Damp white walls sorround a turquoise door.
I recognize The Master and Margherita live here. A feeling of repletion lets me beamingly keep this secret in my heart.

A lot of sheep, this time all shouting at us.
It's a concert.

We have intruded their intimacy. The intimacy of Inch Island.
I feel discovered. But, at the same time, I feel we have reached our destination.
Now we do have to go back.

We meet a slow cyclist. His slowness makes me aware of o
ur fast pace.
My shirt is wet.

The beginning of the bridge to go back to the mainland should be at the base of the hill which we are on top of, but we still can't see it.
To approach it, we should enter a private property.

She wouldn't like to, but it's only sort of a barn without the house, which is set apart by a high enclosing hedge, so we enter.
We smell the stink of a dog, but no trace of it, so we go further.

We reach a metallic gate.

After that, a lunar landscape, made of brown earth with plenty of yellow plants cut at the base still prevents us from viewing the beginning of the bridge.
The solitude of the place suggests me just to go, but she's still reluctant.
We decide to look for someone to ask to.

Passing by the hedge, the snout of a white dog appears from a hole in it.
At first my instinct puts myself on the defensive, but soon we understand that it's a docile dog and then I try to appeal it to me to stroke it, but it's also a shy dog, and we are left with nothing else than searching for someone else.

However, we are shy too and, rather than to ask at the house, we prefer to go back on the road.

After a few steps, we find a stable and decide to try there.
The way is occupied by a huge resting tractor. The engine is off. Nevertheless, it's impressive even so, and we are compelled to sink our shoes into the mud.
Leaning our elbows on another metallic gate, we shout an inquiring "Hello?" trying to overwhelm the moo of invisible cows.
After some moments, the first human contact of the day: a farmer slowly comes out of the stable and stops at the right distance from us.
Raising his squinting eyes, he offers us a benevolent look.

His wrinkled skin tells us his dignity.
His words, that we have to overcome our shyness:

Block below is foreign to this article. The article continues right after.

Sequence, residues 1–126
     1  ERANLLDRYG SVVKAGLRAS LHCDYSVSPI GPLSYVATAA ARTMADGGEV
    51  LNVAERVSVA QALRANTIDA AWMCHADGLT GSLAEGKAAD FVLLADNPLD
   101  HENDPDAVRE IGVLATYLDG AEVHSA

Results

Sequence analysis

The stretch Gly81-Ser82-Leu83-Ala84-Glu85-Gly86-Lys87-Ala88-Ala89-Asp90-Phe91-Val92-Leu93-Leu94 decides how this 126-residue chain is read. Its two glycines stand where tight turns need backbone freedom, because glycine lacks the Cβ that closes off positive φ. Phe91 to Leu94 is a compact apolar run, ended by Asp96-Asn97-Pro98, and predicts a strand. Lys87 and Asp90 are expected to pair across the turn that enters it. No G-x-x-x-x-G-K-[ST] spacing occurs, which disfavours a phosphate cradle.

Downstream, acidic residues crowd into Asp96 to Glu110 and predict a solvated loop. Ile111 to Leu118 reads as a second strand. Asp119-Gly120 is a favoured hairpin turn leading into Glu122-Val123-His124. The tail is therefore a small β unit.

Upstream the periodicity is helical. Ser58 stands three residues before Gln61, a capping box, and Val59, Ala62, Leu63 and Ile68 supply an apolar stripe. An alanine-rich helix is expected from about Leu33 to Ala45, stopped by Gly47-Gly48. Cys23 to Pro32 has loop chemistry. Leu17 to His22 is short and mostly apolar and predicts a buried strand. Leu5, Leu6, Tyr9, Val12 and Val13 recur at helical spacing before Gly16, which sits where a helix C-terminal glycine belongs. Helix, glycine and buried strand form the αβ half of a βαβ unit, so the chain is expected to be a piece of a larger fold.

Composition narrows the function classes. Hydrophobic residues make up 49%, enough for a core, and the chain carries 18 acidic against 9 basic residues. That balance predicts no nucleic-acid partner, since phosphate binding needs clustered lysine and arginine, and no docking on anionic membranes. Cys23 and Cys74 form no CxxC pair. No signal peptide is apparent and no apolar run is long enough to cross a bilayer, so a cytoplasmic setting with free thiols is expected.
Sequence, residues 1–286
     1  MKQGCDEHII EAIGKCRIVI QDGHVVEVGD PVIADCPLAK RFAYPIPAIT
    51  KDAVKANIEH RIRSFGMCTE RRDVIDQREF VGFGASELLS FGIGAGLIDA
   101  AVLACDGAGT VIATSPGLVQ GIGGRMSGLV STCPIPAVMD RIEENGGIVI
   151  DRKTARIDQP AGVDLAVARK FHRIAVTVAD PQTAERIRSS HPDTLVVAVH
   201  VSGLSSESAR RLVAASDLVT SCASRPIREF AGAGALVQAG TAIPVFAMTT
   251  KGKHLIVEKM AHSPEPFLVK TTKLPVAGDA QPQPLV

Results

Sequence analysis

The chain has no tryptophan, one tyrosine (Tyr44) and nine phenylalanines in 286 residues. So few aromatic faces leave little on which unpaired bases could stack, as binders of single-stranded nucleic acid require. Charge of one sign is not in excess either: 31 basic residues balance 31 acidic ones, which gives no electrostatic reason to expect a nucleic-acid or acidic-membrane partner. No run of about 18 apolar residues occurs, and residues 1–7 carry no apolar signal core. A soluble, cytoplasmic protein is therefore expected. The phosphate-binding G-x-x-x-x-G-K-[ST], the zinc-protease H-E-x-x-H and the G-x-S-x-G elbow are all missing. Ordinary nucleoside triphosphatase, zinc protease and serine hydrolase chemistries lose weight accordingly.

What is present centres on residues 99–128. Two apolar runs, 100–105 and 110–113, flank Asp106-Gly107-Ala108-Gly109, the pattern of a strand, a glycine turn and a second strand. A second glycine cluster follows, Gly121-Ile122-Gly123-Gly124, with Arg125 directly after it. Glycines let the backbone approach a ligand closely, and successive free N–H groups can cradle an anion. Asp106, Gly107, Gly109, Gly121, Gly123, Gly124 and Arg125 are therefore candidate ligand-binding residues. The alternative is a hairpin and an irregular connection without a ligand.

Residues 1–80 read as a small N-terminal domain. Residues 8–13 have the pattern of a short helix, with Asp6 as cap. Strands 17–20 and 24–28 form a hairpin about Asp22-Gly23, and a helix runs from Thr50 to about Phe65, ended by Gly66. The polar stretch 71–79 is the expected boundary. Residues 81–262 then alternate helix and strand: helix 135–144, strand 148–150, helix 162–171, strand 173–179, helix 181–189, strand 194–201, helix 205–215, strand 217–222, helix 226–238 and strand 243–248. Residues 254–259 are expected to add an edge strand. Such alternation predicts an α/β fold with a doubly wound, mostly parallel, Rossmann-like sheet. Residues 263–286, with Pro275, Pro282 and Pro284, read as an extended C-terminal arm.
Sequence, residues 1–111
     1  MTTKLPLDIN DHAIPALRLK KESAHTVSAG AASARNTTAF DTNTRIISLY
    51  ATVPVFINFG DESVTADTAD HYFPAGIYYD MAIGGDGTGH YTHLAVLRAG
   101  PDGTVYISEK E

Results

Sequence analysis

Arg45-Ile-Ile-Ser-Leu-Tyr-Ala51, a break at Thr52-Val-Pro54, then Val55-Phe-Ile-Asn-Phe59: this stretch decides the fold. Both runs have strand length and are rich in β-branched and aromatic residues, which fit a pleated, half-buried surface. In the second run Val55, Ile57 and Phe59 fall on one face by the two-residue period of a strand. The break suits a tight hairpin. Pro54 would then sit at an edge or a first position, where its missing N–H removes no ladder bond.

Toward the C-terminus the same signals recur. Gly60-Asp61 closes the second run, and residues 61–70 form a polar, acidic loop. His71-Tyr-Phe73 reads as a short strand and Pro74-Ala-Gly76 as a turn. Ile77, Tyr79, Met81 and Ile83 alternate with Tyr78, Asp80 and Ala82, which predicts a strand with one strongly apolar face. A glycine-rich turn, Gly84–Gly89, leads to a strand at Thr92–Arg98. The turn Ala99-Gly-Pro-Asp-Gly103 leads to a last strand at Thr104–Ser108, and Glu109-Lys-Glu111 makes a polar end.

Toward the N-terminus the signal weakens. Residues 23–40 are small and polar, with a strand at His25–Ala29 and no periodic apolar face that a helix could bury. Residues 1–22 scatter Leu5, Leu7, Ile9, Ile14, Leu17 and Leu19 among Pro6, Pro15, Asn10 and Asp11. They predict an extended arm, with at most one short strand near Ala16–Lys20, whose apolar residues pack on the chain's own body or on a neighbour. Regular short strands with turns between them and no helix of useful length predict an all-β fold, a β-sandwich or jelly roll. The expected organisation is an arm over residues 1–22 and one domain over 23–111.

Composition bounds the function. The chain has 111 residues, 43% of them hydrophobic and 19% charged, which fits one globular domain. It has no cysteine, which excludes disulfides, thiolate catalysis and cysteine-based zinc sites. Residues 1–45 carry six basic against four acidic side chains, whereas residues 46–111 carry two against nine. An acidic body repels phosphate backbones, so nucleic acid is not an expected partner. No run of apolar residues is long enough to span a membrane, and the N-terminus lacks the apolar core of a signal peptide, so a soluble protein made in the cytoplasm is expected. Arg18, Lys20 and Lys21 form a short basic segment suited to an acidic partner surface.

- "I wouldn't know how to reach the bridge, I'm not from here. Try to ask at that house".

After thanking and saying goodbye, as soon as we turn about toward the road, we see the white dog running away.
Only not seen, it had come next to us.

From a bigger hole in the hedge, we see two young brothers, half-hidden, doing something together.
I call them, but they don't answer.
Then, we understand why.
The father is coming: the second human contact of the day is going to take place.
I just say that we were hiking and that we wanted to cross the bridge to go back to the mainland.
It seems that we have just to jump over the former gate, the one that led to the moon, and then we'll find easily the passage to the bridge.
Consequently, I thank and say goodbye again.
She lets me note that the man is letting us pass by his property.
While we turn around the hedge to go to the main entrance of the property, I feel a bit ashamed.

He's a nice man.
His children rather diffident.
The white dog definitely happy!

Exchanging a few words, overall to describe the path to the bridge, the little crowd accompany us to the boundary of the property.

We thank once more and say goodbye.
This time it's the right time.

Walking on the moon is exciting as I had expected.
The land is a light slope.
After shortly we can locate the beginning of the bridge and then we quickly find the passage to it.

Before starting the crossing, unconsciously knowing that our prey can't run off any longer, we set down to gain some relief and start eating the sandwiches that we had prepared earlier in the morning.

We are about to say goodbye to Inch Island: as always before saying goodbye to something known, we look around trying to fix every little detail.

The water is still grey.
On the right, the gloomy castle still oversees the entrance to the open see but now appears to be at the limit of a little bay where the caw of the surviving black crows echoes bleak.
On the left, a few white swans on the still water seem to ignore the other half of the world.
In this point of the shore, the brownish grass is wet, sealing the closeness of the two emispheres.

While we cross the bridge, a very thin rain compels us to use the hoods of our anoraks.
Water is everywhere: on our sides, on our faces.

After a while that we are walking on the mainland, her legs start hurting.
Later on, my legs start hurting too.

I mull over whether the society will accept us back, or rather whether we will accept the society back. I come to the agreement of a new viewpoint of the society.

It's 14,05 when we are back to the car.

Back to home, I take my sunglesses
off and put them on the table.

The world looks so different that I wonder if I have just been dreaming..